If you have been charged with driving under the influence (DUI) in Georgia and you have already been convicted of DUI at least once in the past five years, you are facing particularly harsh criminal penalties and driver’s license consequences if convicted again. Think about the impact a first offense had on your life — and fight your second offense by completing my Free Strategy Session form or calling me at 706-284-4380.
According to Georgia law, any person convicted of two or more DUIs within a five-year period is considered a habitual drunk driver. As a result, these motorists face much tougher sentencing guidelines than individuals who have no prior history of driving under the influence. If you get a second DUI, and especially if your second DUI arrest closely follows the first state prosecutors will be very hard to negotiate with, and you will need the very best DUI lawyer you can get.
While a first conviction will result in a mandatory minimum of 24 hours behind bars, this is increased to 72 hours for a second conviction, but more realistically you are going to spend about a week to two weeks in jail with most judges for a second offense when you have had a prior 1st DUI within the last 10 years And the judge could sentence you to 90 days to 12 months of incarceration. Some of this time may be suspended or probated in lieu of a 12-month probation period, although you could be ordered to serve out the remainder if you fail to comply with the conditions the court has set forth. Augusta now has a “DUI Court”, that is designed to deal with repeat offenders. Stringent probationary restriction are applied in these court and stiff jail terms are usually found in those jurisdictions that employ such courts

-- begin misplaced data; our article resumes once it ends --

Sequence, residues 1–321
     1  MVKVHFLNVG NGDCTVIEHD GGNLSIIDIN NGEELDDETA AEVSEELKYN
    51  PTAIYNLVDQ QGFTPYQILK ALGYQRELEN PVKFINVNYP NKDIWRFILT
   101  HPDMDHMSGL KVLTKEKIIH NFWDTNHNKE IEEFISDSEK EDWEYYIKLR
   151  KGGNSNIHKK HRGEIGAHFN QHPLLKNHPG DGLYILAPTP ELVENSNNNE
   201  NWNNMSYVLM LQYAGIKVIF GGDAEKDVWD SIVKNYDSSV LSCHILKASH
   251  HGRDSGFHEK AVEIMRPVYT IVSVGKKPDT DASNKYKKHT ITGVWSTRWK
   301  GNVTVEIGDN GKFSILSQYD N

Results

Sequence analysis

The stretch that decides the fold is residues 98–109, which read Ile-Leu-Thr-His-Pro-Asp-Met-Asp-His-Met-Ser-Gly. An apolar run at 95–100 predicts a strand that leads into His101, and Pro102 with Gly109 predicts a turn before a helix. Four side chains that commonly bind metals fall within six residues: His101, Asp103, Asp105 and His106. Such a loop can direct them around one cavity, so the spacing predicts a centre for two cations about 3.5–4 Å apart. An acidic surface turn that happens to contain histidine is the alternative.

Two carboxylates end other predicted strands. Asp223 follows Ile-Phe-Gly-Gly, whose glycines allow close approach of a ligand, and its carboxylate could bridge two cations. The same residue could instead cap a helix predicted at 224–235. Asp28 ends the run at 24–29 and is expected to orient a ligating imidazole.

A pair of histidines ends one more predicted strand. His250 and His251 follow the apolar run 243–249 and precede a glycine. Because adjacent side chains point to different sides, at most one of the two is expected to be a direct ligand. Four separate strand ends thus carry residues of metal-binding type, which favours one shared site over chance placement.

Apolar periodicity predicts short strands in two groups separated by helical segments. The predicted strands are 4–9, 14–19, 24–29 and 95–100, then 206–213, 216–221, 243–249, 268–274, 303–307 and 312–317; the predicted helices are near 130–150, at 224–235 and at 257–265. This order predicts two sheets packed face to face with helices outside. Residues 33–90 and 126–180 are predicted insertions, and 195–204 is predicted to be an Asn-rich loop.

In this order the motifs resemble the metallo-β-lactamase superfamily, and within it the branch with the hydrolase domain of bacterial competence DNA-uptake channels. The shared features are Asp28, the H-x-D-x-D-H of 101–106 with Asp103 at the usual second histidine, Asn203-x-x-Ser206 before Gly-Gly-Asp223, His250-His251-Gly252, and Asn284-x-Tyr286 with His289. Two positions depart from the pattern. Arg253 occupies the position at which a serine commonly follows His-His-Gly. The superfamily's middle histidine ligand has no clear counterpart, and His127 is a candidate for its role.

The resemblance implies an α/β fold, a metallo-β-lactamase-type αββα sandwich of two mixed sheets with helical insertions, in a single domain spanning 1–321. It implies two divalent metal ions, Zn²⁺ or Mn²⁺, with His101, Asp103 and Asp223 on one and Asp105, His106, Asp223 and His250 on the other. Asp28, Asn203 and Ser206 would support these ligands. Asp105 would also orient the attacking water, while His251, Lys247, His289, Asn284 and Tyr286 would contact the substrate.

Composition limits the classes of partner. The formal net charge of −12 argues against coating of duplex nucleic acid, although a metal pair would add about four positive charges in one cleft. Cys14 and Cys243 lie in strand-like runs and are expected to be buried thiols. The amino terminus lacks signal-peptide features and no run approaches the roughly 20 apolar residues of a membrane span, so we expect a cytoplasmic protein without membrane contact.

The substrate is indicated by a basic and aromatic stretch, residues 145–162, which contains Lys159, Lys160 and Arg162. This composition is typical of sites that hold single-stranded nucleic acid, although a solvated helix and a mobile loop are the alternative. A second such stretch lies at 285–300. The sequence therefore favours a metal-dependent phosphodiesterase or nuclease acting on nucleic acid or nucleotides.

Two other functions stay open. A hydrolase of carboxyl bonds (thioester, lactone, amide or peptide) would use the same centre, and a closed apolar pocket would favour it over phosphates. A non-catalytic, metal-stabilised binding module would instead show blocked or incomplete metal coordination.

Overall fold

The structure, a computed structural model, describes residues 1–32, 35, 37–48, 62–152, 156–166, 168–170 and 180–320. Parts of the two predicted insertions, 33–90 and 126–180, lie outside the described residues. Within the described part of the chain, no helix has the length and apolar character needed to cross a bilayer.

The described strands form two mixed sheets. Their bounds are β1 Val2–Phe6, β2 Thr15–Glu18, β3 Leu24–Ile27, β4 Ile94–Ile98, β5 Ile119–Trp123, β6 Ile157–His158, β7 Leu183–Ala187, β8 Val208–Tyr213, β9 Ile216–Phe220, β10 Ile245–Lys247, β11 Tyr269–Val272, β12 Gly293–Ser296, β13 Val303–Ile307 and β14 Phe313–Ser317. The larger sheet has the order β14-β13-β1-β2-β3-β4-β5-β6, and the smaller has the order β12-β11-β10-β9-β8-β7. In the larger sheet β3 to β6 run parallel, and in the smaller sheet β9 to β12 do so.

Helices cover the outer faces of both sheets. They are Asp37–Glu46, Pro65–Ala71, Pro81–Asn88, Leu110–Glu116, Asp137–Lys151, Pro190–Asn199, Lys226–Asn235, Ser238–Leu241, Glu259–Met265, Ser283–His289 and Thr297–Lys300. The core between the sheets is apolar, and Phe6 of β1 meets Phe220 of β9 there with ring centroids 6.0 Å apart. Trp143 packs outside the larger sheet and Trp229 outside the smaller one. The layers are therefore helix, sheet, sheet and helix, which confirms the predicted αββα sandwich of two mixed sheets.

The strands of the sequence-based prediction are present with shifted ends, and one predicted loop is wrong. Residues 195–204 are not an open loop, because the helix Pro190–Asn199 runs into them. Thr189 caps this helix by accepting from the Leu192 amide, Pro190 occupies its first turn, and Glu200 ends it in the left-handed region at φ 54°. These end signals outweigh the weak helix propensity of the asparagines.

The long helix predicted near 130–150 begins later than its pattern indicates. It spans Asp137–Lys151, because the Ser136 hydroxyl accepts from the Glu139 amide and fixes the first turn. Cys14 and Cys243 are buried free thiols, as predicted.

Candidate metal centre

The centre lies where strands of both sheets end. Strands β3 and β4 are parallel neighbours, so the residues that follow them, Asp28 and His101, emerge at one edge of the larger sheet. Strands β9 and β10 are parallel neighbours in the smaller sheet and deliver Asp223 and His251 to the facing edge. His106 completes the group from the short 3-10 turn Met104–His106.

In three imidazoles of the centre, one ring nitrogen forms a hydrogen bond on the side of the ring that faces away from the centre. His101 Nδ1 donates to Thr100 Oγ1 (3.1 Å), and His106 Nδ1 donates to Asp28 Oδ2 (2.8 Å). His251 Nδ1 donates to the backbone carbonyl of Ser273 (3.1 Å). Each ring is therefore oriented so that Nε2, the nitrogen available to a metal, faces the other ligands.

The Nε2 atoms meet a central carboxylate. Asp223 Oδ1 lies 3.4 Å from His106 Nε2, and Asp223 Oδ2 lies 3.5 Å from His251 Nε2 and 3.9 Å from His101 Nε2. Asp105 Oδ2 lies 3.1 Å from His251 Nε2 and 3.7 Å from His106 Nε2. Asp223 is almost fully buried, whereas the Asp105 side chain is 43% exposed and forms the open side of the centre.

Additional penalties for a second DUI offense may include $600 to $1000 in fines and 30 days (240 hours) of community service.
The Department of Driver Services can also suspend your license for three years for a second breath test refusal or failed breathalyzer test. The first 12 months are a hard suspension, which means no driving at all, but you may be eligible for a limited permit after this time period is over. As a condition of your license reinstatement, you may be required to complete another alcohol risk education course. Clinical evaluation and have an ignition interlock device mounted in your vehicle for six months.
While your license is suspended, you will be required to turn over your license plates to the court; however, you may be able to apply for a hardship tag if your family member co-owns or is dependent on the vehicle. Once you receive a limited permit or your license is reinstated, you can apply for new tags.
To publicize your conviction, the court will also order you to pay to have your photo, name, address, and arrest details published in your local newspaper and you will be required to pay the newspaper $25.